The Golden Globe awards on Sunday night represented Hollywood’s first collective response to the fallout from the Harvey Weinstein scandal. In addition to doling out the usual awards for television and film, the show focused on the new Time’s Up alliance to end sexual misconduct in America, a message magnified by the stars’ collective decision to wear black. In the place of colorful designer accessories, however, several actresses wore people.
Topping the bill of the “special plus-ones,” as CNN put it, was Michelle Williams with Tarana Burke, the woman credited with founding the #MeToo campaign. Susan Sarandon brought Rosa Clemente of PR On The Map. Emma Watson brought Marai Larasi, director of Imkaan. Meryl Streep came with Ai-jen Poo of the National Domestic Workers Alliance, while Shailene Woodley appeared with Calina Lawrence, an activist for injustice affecting Native communities. Amy Poehler brought Saru Jayaraman of Restaurant Opportunities Centers United; Laura Dern came with Mónica Ramírez of the Alianza Nacional de Campesinas; and Emma Stone brought Billie Jean King.
These actresses deserve credit for championing their guests’ causes, and any critique of their visual effect doesn’t imply a critique of their motives. But it is nigh-on impossible to amplify a voice on the red carpet, because it is not a space for speech.
The red carpet is a space for visual merchandising. It’s where actresses’ faces and bodies increase or devalue their stock in the market of flesh. Who looks good, who doesn’t? Whose outfit betrays their lack of self-awareness, whose is forward-looking? This market defines future career success or failure, which means the red carpet has always been an element in the matrix of gender injustice. Women are served on the red carpet like chickens on the dinner table. It’s not a neutral stage.
We saw this when E! minimized Tarana Burke to a little rectangle at the bottom of the screen, to make space for Dakota Johnson to twirl in her dress.
And so each woman of color who accompanied a white actress last night became a kind of human accessory. Again, that is not the fault of their well-meaning white hosts: It is the nature of the machine that manufactures celebrity, particularly female celebrity, in contemporary America. Hollywood is a generator of sexist and racist standards of beauty, and those standards emanate, cumulatively, into many forms of broader social injustice. How can that generator be retrofitted to resist itself?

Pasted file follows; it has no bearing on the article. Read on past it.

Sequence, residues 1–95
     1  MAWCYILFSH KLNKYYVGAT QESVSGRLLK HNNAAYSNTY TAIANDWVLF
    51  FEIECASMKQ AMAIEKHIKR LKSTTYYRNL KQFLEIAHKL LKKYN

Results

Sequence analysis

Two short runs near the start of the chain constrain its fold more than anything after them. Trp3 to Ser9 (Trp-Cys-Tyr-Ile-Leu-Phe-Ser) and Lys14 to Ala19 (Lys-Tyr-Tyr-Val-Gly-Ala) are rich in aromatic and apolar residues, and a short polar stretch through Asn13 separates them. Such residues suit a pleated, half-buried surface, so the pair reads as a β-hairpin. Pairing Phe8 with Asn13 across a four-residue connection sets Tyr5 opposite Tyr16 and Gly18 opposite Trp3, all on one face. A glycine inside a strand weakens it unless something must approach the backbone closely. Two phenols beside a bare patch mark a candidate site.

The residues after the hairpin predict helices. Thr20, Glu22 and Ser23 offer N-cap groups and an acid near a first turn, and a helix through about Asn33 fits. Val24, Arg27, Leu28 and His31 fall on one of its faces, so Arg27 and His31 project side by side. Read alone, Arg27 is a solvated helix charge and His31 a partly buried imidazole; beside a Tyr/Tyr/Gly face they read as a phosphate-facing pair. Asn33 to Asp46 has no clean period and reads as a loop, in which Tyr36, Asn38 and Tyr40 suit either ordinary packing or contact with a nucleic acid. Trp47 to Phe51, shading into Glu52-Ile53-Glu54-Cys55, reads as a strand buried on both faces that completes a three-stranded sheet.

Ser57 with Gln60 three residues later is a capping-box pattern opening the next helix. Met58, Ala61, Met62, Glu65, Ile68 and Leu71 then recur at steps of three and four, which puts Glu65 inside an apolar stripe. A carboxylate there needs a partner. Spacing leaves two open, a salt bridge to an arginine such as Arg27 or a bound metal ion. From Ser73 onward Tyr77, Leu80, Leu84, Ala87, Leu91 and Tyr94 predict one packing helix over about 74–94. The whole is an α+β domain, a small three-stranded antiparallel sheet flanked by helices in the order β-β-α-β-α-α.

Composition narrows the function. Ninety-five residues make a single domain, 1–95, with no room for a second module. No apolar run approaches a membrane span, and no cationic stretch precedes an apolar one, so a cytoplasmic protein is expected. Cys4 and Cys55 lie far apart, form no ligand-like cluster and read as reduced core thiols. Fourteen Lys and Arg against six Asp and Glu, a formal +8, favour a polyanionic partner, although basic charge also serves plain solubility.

Oprah Winfrey’s Cecil B. DeMille Lifetime Achievement Award acceptance speech was an interesting counterpoint to the red carpet’s treacherous messaging. Set aside the question of whether or not Oprah Winfrey will run for president one day. Let’s remain a while in the most valuable space that a Hollywood awards ceremony has to offer: a captive space where, like the nervously grinning guests in attendance, you must listen.
A podium is a podium, whether in entertainment or in politics. (This interchangeability has of course played well into President Trump’s hands.) A speech is a speech. If there is a positive outcome to the election of a racist reality television star to the presidency, it may lie in his reconfiguration of political messaging itself. Trump helped create the conditions for Oprah’s speech to sound presidential.
Rather than bemoan the celebrification of government politics, as some in the commentariat have already done, we should value the politicization—the new gravitas of its speech, the new responsibility for its consequences—of celebrity. Oprah is better at it than Trump. She also comes from reality television, but from a genre that has augmented her oratorical powers. We heard that in her speech last night, when she delivered a rendition of Barack Obama’s greatest piece of political messaging: “I’ve interviewed and portrayed people who’ve withstood some of the ugliest things life can throw at you,” Oprah said. “But the one quality all of them seem to share is an ability to maintain hope for a brighter morning, even during our darkest nights.”
Whether or not it is a good idea for Oprah to run for president is a different conversation. But while we are paying attention to the values of the Golden Globes performances, we should note that she expressed gratitude to working class women. She referred to people outside the auditorium, to women “working in factories and they work in restaurants and they’re in academia, engineering, medicine, and science.” She used the words tech, politics, business, Olympics, military.
By comparing the red carpet to the podium as venues for political speech, we can see that Hollywood is not a unified space. The movie and television industries are literally made of communications. Hollywood is like a gigantic switchboard, directing voices of different volumes and degrees of intelligibility into your daily life. It never stops, it is never neutral, and it is never apolitical—even when it is trying to be.
The Golden Globes will hopefully represent a trial stage in the refinement of political messaging in California’s huge and influential communications industry. Everybody woke up talking about the Golden Globes this morning. There’s so much potential energy lying dormant there, and last night’s awards ceremony teaches us that the voice always speaks more clearly than the body.